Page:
Who doesn’t like getting something for (almost) nothing? Online surveys are an example of rewarding people for little effort. For example, offering $5 for five minutes of their time. That’s appealing – who doesn’t have five minutes, and who wouldn’t mind five extra bucks in their wallet?
So, if you’re offering an incentive for taking your survey, highlight that in the subject line. “$5 for 5 minutes of your time” or something similar will likely garner more clicks than a generic email subject line. Speaking of incentives, be sure to check out our blog 10 Pros & Cons of Survey Incentives + Survey Incentive Ideas.
7. Keep it Simple
It’s essential to keep email survey subject lines simple and to the point. Campaign Monitor shows that short subject lines tend to win, with around 41 characters being the optimal length. The article notes that some marketing experts recommend going even shorter if possible. Plus, go too long and the subject line may be cut off on some people’s browsers. Even if you have to go long, be sure to put the most important information at the front.
8. Be Honest About Time
People may agree to a survey, and then become frustrated as it goes on, and on, and on. This leads to many people dropping out of a survey which can make analysis more difficult. So, be honest right upfront with your subject line. Got a quick one? Let them know: “We need just one minute of your time.” Going longer? Let that be known too. “20 minute survey can change how we do business.”
9. Highlight Security and/or Confidentiality
With the number of email scams on the rise, some people may be hesitant to take any type or survey or fill in any personal information. Of course, this makes it harder for researchers to do their jobs. To get around this, try highlighting in your survey subject line that it’s secure or confidential (we break down the difference between our anonymous and confidential surveys here).
10. Create Anticipation or FOMO
Recognizing people’s anticipation or FOMO (Fear Of Missing Out) is a great way to increase open rates. You’re either tapping into excitement, or leading potential respondent’s to believe that they’re missing out on something by not giving their opinion. For example, you might tease with a subject line such as “New [PRODUCT] coming soon – tell us what you think!” This type of survey email subject line will get people who don’t want to miss out on giving their opinion incentive to click and partake in the survey.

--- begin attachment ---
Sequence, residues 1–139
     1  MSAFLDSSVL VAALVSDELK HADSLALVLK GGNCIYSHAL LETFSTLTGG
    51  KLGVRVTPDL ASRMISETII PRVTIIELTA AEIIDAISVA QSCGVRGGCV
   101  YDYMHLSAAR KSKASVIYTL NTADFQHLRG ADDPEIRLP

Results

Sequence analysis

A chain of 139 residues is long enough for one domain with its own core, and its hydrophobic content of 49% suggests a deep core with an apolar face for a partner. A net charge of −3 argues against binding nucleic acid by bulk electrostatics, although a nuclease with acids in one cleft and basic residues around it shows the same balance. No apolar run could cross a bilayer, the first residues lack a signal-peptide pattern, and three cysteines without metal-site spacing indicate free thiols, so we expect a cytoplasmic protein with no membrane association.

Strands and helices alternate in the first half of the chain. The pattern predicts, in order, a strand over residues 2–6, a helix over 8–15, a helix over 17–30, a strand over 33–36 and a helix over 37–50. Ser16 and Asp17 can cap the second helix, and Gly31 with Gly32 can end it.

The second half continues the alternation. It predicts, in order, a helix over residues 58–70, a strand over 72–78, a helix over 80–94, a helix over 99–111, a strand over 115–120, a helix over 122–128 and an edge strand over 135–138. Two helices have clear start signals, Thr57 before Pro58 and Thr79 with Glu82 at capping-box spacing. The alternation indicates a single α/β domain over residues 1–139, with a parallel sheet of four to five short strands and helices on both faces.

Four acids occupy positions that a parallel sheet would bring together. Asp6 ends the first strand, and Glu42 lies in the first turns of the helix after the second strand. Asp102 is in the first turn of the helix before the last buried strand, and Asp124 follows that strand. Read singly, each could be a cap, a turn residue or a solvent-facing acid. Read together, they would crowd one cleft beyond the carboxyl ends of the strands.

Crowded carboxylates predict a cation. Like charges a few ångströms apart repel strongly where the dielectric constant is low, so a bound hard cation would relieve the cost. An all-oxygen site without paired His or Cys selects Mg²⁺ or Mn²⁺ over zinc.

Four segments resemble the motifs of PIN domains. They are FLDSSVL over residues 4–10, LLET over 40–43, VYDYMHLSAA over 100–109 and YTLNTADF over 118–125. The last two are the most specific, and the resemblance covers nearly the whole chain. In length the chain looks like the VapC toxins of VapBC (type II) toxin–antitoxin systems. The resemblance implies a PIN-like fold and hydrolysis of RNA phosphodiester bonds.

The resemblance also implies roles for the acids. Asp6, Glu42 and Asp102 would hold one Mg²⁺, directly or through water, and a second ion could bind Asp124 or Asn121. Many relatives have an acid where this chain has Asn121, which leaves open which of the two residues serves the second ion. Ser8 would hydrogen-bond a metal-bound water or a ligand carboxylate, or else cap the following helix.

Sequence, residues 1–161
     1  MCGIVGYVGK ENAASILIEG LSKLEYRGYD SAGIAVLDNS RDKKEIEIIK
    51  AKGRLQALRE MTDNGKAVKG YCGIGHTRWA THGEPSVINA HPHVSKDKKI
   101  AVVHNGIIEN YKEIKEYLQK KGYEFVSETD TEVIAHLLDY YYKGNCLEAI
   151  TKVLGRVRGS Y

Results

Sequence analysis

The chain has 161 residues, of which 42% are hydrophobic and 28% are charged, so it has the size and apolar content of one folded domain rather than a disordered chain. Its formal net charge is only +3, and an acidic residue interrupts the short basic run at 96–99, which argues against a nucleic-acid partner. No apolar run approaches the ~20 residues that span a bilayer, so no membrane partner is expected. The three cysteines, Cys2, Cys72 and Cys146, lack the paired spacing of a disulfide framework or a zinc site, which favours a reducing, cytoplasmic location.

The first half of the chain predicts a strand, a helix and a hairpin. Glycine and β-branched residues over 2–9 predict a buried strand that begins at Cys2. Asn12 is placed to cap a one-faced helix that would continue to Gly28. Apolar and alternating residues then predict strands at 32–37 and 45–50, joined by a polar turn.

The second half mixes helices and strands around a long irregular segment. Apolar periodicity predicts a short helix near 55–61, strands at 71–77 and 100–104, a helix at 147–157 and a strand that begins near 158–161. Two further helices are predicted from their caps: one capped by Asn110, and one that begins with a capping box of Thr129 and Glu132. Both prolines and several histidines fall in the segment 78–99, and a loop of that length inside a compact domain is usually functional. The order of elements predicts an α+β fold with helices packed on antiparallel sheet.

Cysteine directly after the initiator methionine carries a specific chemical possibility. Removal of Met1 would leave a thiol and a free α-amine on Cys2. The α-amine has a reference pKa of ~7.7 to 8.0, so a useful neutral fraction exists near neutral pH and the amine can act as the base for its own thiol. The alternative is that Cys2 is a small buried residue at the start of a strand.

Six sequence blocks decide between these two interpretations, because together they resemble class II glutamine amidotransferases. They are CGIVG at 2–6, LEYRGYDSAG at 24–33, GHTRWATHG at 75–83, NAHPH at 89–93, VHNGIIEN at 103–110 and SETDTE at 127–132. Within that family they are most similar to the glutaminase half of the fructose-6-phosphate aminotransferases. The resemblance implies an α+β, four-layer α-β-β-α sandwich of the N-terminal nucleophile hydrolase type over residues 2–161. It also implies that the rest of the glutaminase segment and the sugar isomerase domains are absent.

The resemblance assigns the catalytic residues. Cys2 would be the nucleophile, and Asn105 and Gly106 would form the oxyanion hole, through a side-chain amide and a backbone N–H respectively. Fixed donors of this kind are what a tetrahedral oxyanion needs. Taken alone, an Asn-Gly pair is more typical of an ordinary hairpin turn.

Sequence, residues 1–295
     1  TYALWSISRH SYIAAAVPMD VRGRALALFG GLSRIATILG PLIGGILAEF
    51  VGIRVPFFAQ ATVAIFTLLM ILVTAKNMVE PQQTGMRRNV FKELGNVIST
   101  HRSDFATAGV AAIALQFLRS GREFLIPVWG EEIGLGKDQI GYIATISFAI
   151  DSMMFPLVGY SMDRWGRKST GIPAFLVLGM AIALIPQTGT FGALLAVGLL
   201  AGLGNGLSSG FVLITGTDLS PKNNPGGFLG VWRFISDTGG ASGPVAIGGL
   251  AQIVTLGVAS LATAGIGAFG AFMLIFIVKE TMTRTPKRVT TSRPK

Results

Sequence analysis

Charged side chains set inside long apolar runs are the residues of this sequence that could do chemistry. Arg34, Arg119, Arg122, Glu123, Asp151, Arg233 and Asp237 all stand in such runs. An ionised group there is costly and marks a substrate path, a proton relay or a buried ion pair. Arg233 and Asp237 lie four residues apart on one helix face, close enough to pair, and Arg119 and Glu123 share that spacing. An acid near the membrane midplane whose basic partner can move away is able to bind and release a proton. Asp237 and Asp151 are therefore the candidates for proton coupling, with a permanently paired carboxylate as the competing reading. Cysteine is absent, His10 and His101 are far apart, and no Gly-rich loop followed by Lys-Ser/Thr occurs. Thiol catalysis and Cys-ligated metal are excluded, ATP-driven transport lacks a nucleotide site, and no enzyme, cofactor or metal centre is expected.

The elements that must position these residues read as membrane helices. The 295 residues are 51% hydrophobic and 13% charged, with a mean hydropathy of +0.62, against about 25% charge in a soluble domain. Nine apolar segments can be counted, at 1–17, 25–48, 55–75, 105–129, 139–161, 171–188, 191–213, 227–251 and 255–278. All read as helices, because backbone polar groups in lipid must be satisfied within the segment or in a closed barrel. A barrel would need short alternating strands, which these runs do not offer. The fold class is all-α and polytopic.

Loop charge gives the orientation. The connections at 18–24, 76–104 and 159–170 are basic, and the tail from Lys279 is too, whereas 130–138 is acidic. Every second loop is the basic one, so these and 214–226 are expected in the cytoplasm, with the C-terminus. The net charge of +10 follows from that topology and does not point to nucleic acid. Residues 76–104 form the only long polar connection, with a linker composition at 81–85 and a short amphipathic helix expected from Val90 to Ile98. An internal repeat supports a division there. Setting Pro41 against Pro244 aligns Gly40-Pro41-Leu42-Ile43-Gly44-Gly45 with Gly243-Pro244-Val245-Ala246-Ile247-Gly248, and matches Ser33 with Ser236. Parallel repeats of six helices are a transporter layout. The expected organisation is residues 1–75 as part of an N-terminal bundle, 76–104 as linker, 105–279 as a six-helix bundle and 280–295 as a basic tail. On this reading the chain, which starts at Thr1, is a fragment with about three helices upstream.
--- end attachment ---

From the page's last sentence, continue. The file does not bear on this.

11. Ask for Help
Marketers tend to think people are likely to reject a request for help, so they don’t ask for it. However, most people like to be seen as helpful and often have a desire to provide their input. Therefore, simply asking for their help can have a big impact. An email subject line asking for help such as “We need your help to do better” or “Help us help others” can go a long way toward getting responses.
12. Tickle Their Funny Bone
Last but not least, try getting a laugh. Drip Marketing writes “Getting a subscriber to crack a smile or straight up laugh when browsing through their inbox is a surefire way to rise above the noise and grab their attention.” We couldn’t agree more. When there are so many emails, being the stand-out subject line that makes someone smile or laugh could be all it takes to get them to open the email and engage with your survey.
Don’t Forget to A/B Test Email Subject Lines
How do you know if your subject line is working (or not)? Always A/B test them. A/B testing is a way to compare how one version of your email subject line is performing against another version of it. So, you might send out one email with a humorous subject line, and another one highlighting an incentive. Which gets more clicks? Based on this information, you’ll be better prepared to write subject lines in the future.
When you’ve crafted a good survey, you want to be sure people take it. So, be sure to put as much effort into a good subject line as you put into your survey. Studies show that 47% of people open an email based on the subject line alone, so you’ve got to be thoughtful about it. While SurveyLegend cannot write your subject line for you, we can help you create a great survey. Our free survey maker allows you to put together beautiful and fun surveys, even including survey pictures to make them more engaging. Once you’ve completed your survey, simply send the link in emails with a subject line based on some of the ideas here. That’s all there is to it. Start today!
How do you normally craft email subject lines? Do you A/B test them to see which is most effective? We’d love to hear from you in the comments!
Frequently Asked Questions (FAQs)
Email subject lines can make all the difference in regards to whether someone opens your email or not. Some studies suggest that nearly 50% of people open emails based on the subject line alone.
To engage with email recipients, use words that catch their attention in subject lines. This could be their name, asking for “help,” highlighting an incentive, and more. Sometimes, you may not use many words at all, opting to get their attention with an emoji in your email subject line.
A/B testing of email subject lines is a way to determine which subject line gets the best open rates. To perform A/B testing, send out half of your surveys to one equal group with one subject line, and the other half to another equal group with a different subject line. Then, see which performs better based on email open rates.